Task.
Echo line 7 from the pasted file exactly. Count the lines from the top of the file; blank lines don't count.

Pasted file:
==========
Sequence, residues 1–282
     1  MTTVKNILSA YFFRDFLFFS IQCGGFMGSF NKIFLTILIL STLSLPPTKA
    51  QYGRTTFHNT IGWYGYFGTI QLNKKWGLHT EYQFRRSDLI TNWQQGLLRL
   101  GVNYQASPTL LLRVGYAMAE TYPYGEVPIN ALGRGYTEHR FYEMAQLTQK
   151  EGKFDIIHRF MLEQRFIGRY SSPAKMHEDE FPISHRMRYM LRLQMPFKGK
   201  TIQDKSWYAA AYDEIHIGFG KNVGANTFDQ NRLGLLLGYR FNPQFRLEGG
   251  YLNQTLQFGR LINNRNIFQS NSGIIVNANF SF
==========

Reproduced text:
   251  YLNQTLQFGR LINNRNIFQS NSGIIVNANF SF